Friday, March 18, 2016

Kestral's flight path began in Saskatchewan

Bob Florence:

Two immature kestrals banded by Jared Clarke near Moose Jaw last summer. Submitted / Jared Clarke

   Her first winter in deep Texas has been a windfall; the weather good, the food great. But it’s time to go north.
   She is a kestrel, a falcon from a brood of five youngins born and raised in southern Saskatchewan last summer. 
   Jared Clarke found her. Clarke is an elementary school teacher who lives on a farm near Edenwold. He was driving Highway 1 with his wife Kristen and their three-year-old twin sons Rowan and Teal in late June last year. A few years earlier, when he was with the Saskatchewan Burrowing Owl Interpretive Centre, Clarke nailed nesting boxes for kestrels on telephone poles on the outskirts of Moose Jaw. He hadn’t checked this box lately.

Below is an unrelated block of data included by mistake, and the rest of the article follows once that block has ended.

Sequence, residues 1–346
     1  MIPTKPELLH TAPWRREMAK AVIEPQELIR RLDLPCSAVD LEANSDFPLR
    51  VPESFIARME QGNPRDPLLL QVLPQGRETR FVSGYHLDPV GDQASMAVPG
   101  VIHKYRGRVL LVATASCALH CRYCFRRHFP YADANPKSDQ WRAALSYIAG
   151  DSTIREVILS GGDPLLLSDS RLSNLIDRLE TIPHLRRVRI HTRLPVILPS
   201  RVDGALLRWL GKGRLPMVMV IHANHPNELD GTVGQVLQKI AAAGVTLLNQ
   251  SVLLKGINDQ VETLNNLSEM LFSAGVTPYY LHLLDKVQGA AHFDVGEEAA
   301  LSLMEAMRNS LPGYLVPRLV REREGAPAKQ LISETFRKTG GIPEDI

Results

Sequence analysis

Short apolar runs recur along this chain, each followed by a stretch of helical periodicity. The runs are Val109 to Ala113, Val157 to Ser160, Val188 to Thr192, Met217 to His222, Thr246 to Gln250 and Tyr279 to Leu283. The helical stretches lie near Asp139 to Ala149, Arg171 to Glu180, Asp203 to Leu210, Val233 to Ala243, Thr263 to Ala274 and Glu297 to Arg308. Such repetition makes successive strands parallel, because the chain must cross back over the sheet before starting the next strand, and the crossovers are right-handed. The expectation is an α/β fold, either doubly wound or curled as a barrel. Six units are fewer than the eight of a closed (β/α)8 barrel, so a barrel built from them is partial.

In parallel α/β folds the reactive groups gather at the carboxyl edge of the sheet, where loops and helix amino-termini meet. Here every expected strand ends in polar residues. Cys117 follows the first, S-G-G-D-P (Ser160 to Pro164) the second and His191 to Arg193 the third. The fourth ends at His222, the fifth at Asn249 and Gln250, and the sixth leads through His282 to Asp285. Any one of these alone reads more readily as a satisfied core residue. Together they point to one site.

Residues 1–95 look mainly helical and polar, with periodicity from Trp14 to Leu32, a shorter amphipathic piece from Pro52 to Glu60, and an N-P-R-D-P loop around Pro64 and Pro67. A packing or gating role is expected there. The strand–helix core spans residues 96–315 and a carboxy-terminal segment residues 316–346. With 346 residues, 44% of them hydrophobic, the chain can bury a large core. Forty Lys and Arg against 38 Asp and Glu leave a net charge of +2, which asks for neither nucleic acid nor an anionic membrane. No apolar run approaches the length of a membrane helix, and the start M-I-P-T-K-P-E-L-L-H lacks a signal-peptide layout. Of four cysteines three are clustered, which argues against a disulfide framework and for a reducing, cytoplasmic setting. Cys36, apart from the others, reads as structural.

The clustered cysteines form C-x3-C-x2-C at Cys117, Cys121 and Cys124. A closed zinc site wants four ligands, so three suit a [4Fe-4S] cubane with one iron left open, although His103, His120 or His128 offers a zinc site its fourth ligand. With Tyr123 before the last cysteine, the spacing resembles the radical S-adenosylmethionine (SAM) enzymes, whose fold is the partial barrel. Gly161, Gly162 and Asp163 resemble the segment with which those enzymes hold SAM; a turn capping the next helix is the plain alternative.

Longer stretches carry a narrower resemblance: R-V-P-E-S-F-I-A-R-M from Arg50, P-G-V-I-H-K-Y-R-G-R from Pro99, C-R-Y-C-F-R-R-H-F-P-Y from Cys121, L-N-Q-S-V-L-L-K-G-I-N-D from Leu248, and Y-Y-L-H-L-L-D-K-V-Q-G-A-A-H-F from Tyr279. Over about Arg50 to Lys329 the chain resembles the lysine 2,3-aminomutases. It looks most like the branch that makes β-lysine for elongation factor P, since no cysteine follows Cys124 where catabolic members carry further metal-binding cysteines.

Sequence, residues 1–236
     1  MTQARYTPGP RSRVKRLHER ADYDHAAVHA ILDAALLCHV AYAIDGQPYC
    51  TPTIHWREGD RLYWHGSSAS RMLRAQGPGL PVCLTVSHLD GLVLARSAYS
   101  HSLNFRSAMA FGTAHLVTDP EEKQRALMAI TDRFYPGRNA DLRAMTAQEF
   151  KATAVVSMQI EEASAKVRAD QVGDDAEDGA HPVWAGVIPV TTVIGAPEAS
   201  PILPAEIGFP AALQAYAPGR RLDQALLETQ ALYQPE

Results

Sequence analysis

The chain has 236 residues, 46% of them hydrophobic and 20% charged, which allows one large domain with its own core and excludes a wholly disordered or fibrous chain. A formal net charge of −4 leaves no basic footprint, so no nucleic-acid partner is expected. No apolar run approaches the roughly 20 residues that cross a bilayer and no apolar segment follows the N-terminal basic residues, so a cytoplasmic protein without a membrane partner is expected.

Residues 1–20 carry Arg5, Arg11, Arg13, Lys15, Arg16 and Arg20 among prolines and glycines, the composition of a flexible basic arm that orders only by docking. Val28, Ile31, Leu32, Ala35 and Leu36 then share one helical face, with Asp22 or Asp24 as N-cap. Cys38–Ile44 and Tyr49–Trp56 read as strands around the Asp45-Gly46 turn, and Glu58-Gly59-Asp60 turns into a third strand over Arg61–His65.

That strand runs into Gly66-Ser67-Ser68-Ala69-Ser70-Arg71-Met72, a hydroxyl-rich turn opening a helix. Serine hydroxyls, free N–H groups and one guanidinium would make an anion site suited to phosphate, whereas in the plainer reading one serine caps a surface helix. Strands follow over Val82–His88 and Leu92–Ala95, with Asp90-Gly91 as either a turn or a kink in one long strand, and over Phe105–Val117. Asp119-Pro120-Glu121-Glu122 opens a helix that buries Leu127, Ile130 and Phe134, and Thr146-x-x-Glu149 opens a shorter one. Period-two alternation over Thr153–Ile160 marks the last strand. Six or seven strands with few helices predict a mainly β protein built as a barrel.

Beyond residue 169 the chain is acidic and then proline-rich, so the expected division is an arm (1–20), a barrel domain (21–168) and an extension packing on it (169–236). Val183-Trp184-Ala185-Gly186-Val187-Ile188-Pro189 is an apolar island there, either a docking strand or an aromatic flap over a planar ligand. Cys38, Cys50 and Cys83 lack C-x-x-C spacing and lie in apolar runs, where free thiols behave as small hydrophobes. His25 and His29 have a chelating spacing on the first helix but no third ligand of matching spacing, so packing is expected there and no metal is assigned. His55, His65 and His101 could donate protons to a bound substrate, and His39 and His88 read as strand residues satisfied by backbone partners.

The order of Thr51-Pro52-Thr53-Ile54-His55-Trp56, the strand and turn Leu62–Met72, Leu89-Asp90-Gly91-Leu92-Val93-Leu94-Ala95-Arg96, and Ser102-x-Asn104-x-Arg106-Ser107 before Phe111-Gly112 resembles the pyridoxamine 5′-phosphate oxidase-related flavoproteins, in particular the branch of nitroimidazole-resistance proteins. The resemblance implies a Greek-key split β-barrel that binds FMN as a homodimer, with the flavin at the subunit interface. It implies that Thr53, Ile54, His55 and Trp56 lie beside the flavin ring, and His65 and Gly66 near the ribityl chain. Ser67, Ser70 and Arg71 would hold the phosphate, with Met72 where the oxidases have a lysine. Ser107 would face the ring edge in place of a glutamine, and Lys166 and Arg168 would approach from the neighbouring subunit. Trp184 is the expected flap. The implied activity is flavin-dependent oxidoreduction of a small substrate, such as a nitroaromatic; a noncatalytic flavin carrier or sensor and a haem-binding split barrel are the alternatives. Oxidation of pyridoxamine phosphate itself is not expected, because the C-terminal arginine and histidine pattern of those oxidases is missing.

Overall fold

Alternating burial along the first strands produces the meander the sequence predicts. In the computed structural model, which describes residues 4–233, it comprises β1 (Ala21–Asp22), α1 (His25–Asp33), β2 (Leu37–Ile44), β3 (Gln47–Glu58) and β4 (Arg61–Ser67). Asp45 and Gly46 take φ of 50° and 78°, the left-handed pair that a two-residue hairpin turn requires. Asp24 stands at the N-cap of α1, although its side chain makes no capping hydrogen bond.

“Let’s just see,” he said to his family.
   There she was, she and her little kestrel sister and her three little kestrel brothers, a carton of white, feathery fluff that had big black eyes and big yellow feet and big pink beaks. Jared, a biologist, banded a leg on each kestrel with an aluminum ring, size 3B. The bands were from the Canadian Bird Banding Office in Ottawa...Continue reading...

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